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IVF Quality Control in the Cloud

Dr. Carol Lynn Curchoe

10 February 2020

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IVF Quality Control in the Cloud

Without question, laboratory quality control and assurance must be performed routinely in an IVF lab. While the embryologist's role in achieving and contributing to quality through safety in the assisted reproduction lab is obvious; appropriate levels of monitoring, what to monitor, and the best ways to monitor it are surprisingly unclear. Until just recently, the anatomy of a liquid nitrogen dewar failure, i.e. how a storage vessel behaves when the vacuum is breached, was unknown. Laboratory staff are driven witless trying to monitor (sometimes multiple times a day), record, and ensure that the laboratory staff, equipment, and environment remains within the parameters of the lab’s QC program. All of this tedium is archived on paper — relegated to long term storage closets and unconnected to patient outcomes; begging the question; are we wasting valuable lab resources, and staff time, while contributing to embryologist burn out too?

Staff competency is a crucial component of the IVF laboratory’s quality management system (LQMS) because it directly impacts clinical outcomes. Embryologists must be competent to make dozens of clinical decisions that can affect cycle outcomes.  Certain IVF key performance indicators (KPIs) are used to continuously monitor and assess culture conditions.

Digital and “cloud based” solutions to reveal malfunctioning instruments and environments have been best practice tools for over 20 years in other industries. Why not for staff QA in the IVF lab too?

ART Compass is a new paradigm— digitalizing staff related competency assessments, training documentation, annual procedure evaluations, and real time “in-cycle” embryologist KPI statistics— for 21st century IVF lab QC/QA in “the cloud”.

ART Compass can be used to deploy standardized training and detailed survey protocols to embryology and andrology technicians, evaluate competency, track inter-laboratory and inter-technician variation, and view comparative data at the technician and clinic level.

Our mobile application (and web-based portal) technology allows for rapid data collection, real-time analysis, management and distribution of multi-media files, automated reporting and the ability to utilize device hardware features, such as; the phone’s camera, image editing with finger, and biometric (fingerprint) data to enhance security.

Other emergent digital QC/QA tools for the IVF lab represent points of great potential if integrated with ART Compass and/ or together with each other or existing EMRs. Electronic witnessing systems using RFID tags, QR codes, barcodes or other image capture approaches are being employed more and more, and could be integrated with ART Compass for complete accuracy, to reduce the time that is spent recording “who performed which” procedural step, and to tie those data in with outcome data.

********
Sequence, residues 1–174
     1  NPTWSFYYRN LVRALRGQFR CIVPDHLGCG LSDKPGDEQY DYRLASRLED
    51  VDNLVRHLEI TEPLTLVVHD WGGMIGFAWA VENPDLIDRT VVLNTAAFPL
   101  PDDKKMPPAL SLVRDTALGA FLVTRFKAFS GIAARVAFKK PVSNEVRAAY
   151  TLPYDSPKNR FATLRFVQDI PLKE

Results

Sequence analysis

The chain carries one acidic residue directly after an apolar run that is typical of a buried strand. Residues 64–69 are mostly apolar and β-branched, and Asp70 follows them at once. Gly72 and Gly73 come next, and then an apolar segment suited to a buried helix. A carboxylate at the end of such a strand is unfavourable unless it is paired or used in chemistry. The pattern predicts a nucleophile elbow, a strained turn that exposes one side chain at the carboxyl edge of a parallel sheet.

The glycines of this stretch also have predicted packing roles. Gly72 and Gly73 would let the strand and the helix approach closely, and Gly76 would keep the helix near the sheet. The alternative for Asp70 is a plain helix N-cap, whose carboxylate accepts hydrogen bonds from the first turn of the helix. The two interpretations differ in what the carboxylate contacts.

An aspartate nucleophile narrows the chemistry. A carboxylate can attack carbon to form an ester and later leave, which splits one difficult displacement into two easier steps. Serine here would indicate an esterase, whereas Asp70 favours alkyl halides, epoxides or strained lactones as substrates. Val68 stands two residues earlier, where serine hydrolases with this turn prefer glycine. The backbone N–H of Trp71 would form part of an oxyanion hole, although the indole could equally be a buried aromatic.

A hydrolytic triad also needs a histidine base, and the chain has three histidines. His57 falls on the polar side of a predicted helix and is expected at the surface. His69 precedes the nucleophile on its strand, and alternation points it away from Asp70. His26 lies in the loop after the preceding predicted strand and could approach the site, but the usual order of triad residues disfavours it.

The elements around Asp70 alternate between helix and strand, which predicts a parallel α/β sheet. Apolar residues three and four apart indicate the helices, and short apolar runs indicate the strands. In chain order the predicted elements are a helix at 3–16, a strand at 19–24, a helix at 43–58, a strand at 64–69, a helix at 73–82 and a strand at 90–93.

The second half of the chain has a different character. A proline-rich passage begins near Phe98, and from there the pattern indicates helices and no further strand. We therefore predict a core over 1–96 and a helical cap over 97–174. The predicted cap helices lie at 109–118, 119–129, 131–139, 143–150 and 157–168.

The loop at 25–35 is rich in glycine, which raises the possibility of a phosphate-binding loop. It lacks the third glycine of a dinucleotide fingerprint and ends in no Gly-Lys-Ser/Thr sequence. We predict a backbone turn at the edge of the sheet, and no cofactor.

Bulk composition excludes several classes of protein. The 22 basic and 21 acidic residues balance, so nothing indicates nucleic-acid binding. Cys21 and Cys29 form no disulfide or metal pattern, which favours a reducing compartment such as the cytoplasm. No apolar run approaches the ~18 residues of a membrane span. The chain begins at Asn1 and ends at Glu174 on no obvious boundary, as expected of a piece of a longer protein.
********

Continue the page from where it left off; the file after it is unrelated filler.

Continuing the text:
Recently, a web of IOT sensors for real-time monitoring of room temperature, humidity, volatile organic compounds, and door open count among others, showed promise for sensitive detection. These data would be quite intriguing to overlay on embryologist KPIs and clinical outcome data collected via ART Compass (or other methods).

IVFQC’s (a cloud-based application to collect, store, retrieve and analyze instrument quality control) recent publication lends support to the notion of standardization of quality control parameters and hints at the potential to integrate with electronic health records to relate measured parameters to clinical outcomes.

Lastly, new thermal imaging cameras connected to mobile apps allow constant monitoring of external signs of cryostorage failure, like; vapor, frost, and temperature change of the air or storage vessels.  Weight based monitoring systems also allow for continuous monitoring and the detection of weight changes to just a few hundred grams. These could provide additional insights into hard to measure variables: How long are tanks open while daily or weekly measurements are taken, during LN2 filling, or when inventory is performed?

Why did I, together with some of the most luminary scientists in IVF QC / QA, create ART Compass? It grew out of frustration. Starting out in clinical embryology, I had no way to compare my clinical decision making to people who had many years in the field. I had no way to easily know if my judgment in grading embryos was correct, or even close, except by sitting with senior embryologists at the microscope. Of course, senior embryologists don’t REALLY have time for this activity, given their many responsibilities and clinical workload. ART Compass started as one single competency assessment module. It has grown beyond our wildest expectations, to include a recently awarded grant from the State of California, and a collaboration with the World Health Organization to deliver andrology image content from the upcoming 6th edition laboratory manual for the examination and processing of human semen. We invite you to join us today!


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Date Added: 10 February 2020   Date Updated: 10 February 2020
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